Due to the sensitive nature of the African grey it is advisable to expose it to a variety of toys and situations early on. African greys can settle into a routine and habits that later may be very hard to change, and the best way to avoid that is with a lot of variety in their lives. As a general rule, African greys are suited to adult families, young energetic children seem to make most greys nervous and pets running around can also have the same effect. African greys tend to “think” of themselves as part of the human family, so the need for a feathered companion is often times a wasted effort. Many times it can actually result in resentment, or insecurity on the part of the pet grey. Of course, it is okay to have another pet bird for oneself, but one shouldn’t feel the African grey needs a companion. As with anything else, there are exceptions, and so it is here. There are many African greys that do marvelous with children, and actually chase the dogs. Much will depend on the temperament of the grey, and careful introduction to these situations. An African grey can learn to adjust, and become quite comfortable in these family settings. All members of the family should interact and play with the African grey if you are trying to encourage it to be a very social bird. In a family situation it is not always better to place their cage in the most active area of the house. A play area consisting of a play stand with food and water bowls available and some fun toys better serves the purpose. Their cage then may be placed off to the side of the family gathering place. African greys seem to need their “own space” for parts of the day, where they can retreat for time alone or the occasional nap. Cage size for the African grey should at the very minimum be 24″ x 24″ x 30″. It has been found many African greys do well with a small sleep cage, in another area of the home, in which to retreat to for the nights sleep.
Nurturing dominance is another catch phrase our new generation of pet owners is using with much frequency. Nurturing is fine, but with the African parrots, dominance is definitely out. African greys react very strongly to any type of negativity, and they never forget. An African grey thrives on being treaded with tender respect. One should gently guide their bird away from negative behaviors and not make a scene when a grey is acting inappropriately. Changing the subject by using positive distractions works well with African greys.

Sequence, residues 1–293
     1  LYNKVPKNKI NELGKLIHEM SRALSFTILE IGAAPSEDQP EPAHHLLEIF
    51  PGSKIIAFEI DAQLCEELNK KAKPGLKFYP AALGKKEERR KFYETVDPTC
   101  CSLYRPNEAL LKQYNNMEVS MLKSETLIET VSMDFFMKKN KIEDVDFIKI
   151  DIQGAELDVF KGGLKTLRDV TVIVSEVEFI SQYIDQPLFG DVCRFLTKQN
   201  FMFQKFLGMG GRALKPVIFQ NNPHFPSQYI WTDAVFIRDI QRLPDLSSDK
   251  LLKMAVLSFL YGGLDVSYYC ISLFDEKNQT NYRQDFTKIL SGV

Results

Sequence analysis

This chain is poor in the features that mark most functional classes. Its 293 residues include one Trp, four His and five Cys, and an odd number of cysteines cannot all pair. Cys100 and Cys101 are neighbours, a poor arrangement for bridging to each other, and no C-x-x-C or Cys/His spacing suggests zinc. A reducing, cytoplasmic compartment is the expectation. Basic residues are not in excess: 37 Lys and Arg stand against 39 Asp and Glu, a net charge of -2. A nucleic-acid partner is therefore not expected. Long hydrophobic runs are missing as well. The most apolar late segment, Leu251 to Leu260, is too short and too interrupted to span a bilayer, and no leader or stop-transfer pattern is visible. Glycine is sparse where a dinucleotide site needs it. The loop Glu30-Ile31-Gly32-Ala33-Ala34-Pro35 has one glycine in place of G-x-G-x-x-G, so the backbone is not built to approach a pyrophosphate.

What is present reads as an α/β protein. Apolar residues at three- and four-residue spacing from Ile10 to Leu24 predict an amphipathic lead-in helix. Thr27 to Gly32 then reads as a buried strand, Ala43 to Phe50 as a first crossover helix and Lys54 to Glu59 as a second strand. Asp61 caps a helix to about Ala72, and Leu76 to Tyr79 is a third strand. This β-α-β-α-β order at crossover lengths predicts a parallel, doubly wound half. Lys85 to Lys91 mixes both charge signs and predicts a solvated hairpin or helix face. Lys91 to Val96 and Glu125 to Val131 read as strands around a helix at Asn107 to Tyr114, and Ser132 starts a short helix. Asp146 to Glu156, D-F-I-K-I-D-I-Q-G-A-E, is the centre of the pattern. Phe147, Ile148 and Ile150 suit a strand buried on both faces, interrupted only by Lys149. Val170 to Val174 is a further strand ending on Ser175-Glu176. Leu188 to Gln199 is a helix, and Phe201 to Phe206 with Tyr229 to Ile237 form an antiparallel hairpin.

Now, the one thing that is undeniably true about the African grey is that they are exquisite mimics. There are a very few greys that will not talk; in this regard there are no guarantees. Their natural noises are a multitude of clicks, beeps and wonderful whistles. It is unusual for most greys to start talking much before the age of one-year-old. Once they do start mimicking words they can learn for the rest of their lives. In teaching an African grey to talk the new pet owner should talk in human tones, and with a lot of animation and inflection. This is one reason birds will pick up dirty words. The emotion behind them is what is exciting and fun, not the words themselves. An owner with a monotone voice will have to work hard to get their African grey talking. African greys can mimic sirens, microwave beeps, fire alarms, smoke detectors, construction work, other animals, and even two sided arguments, water running, toilets flushing and other assorted bathroom noises, so be careful. African greys are also very smart, even to the point of being called headstrong. They will test you, and can figure out how to maneuver you, so one must be one step ahead of them. Of course this is one of the things that seems to draw people to African greys.
An annual check up should be encouraged with all pet birds, and when dealing with the African grey, it is advisable to also have a calcium level done. Although a gram scale may seem like an unnecessary investment, it is a good idea to weigh one’s pet bird weekly. The first indication of a problem is usually weight loss. When going to the veterinarian for the first time, it is beneficial to take the scale along to compare it to the one at the veterinarian’s clinic. New owners should be advised a just weaned baby may often experience minor weight loss when being put into a new environment. A bird can lose 20 grams overnight, just from the move. An African grey can weigh anywhere from around 400 grams (14.28 oz.) to over 600 grams (21.42 oz.), and they average 12-14 inches from the top of the head to the tip of the tail. Speaking of the tail, juvenile African greys have black tips on their tails, and one should not think that this indicates a Timneh grey, or a cross with the Timneh.
With proper guidance and understanding an African grey can be a wonderful addition to your family and will live with you for many years.